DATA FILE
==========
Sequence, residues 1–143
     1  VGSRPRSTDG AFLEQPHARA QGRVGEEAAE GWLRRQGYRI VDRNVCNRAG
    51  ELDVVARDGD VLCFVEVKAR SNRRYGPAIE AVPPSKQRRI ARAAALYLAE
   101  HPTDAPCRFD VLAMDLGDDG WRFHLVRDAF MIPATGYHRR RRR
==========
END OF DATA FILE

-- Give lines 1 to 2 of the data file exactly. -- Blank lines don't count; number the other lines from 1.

Sequence, residues 1–143
     1  VGSRPRSTDG AFLEQPHARA QGRVGEEAAE GWLRRQGYRI VDRNVCNRAG